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Are you feeling alone?

Updated: Sep 22, 2023

One of the biggest challenges some people face when they have a myeloproliferative neoplasm (MPN) is finding someone to talk with who understands.


Many didn't know what an MPN was when we were first diagnosed. Often we had never met anyone who had one of these disorders. One of the challenges with having an MPN is that you can feel that no one really grasps what you're going through, and it's often hard to find someone who has been there.



Feeling alone when diagnosed with MPN?


Content guide




Know your needs


Before you start talking about your MPN, knowing what you want from the conversation is essential. Do you need emotional support, practical advice, or someone to listen? Do you like sharing your feelings, symptoms, or treatment options? Do you want to educate others about your condition, or do you prefer to keep it private?


Knowing your needs can help you choose who to talk to, when to talk, and how much to share. It can also help you avoid misunderstandings and frustration. For example, if you need emotional support, you should speak with a close friend or a family member who can empathize. If you need practical advice, you should talk to a doctor or a nurse who can give you reliable information. If you need someone to listen, you should join a support group or an online forum to connect with others with MPNs.



Spread your knowledge


One of the challenges of having an MPN is that many people need to learn what it is and how it affects them. This can make it hard for them to understand what you're going through and how they can help. That's why acting as a teacher and educating others about your condition is essential.


You don't have to be an expert on MPNs, but you should be able to explain the basics:

  • What it is.

  • How it was diagnosed.

  • What treatment options are available.

  • How it affects your daily life.

You can also share some facts and statistics about MPNs, such as:


  • MPNs are a group of rare blood cancers that cause the bone marrow to produce too many blood cells.

  • There are different types of MPNs, such as polycythemia vera (PV), essential thrombocythemia (ET), and primary myelofibrosis (PMF).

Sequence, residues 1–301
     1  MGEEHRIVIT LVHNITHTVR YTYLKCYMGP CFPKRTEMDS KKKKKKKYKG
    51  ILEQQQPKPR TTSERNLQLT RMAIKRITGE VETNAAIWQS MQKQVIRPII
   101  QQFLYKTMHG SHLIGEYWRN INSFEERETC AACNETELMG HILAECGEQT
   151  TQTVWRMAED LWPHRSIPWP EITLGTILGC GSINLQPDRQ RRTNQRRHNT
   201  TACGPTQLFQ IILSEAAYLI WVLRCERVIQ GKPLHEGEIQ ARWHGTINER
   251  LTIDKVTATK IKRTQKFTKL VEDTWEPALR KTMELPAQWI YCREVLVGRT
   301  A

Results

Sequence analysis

• MPNs can cause various symptoms and complications, such as fatigue, headache, fever, anemia, bruising or bleeding easily, blood clots, or enlarged spleen.

  • MPNs are usually diagnosed by blood tests and bone marrow biopsy.

  • MPNs are treated with different therapies, such as phlebotomy (removing blood), medication (hydroxyurea or ruxolitinib), or stem cell transplant.

Acting as a teacher can help others learn more about your condition and show them you are knowledgeable and confident. It can also help them ask better questions and offer more appropriate support.



Be kind to yourself


Having an MPN can be challenging and stressful. You don't have to face it alone. Asking for help is not a sign of weakness but strength. It shows that you are aware of your needs and willing to accept support from others.


There are many ways that others can help you cope with your MPN Group. For example:


  • They can provide emotional support by listening to your concerns, validating your feelings, or offering encouragement.

  • They can provide practical support by helping you with daily tasks, such as cooking, cleaning, shopping, or driving.

  • They can provide medical support by accompanying you to appointments, reminding you of medications, or researching treatment options.

  • They can provide social support by inviting you to activities, keeping in touch with you, or introducing you to others with MPNs.



Ask for help


Asking for help can make your life easier and more enjoyable. It can also make others feel more involved and appreciated.


If you have a myeloproliferative neoplasm (MPN), you may want to connect with others who understand your condition. Global MPN Scientific Foundation offers various ways to communicate with people who have MPNs, such as essential thrombocythaemia (ET), polycythaemia vera (PV) and myelofibrosis (MF).


You can join our online forum at Work Groups, where you can share your experiences and ask questions in a friendly and supportive environment. You can also talk to a peer supporter by email, phone, or post, or meet us in person over a coffee. And, share your story to the MPN Community.


Remember: You are not alone in this journey. You have the power to take charge of your health and well-being.



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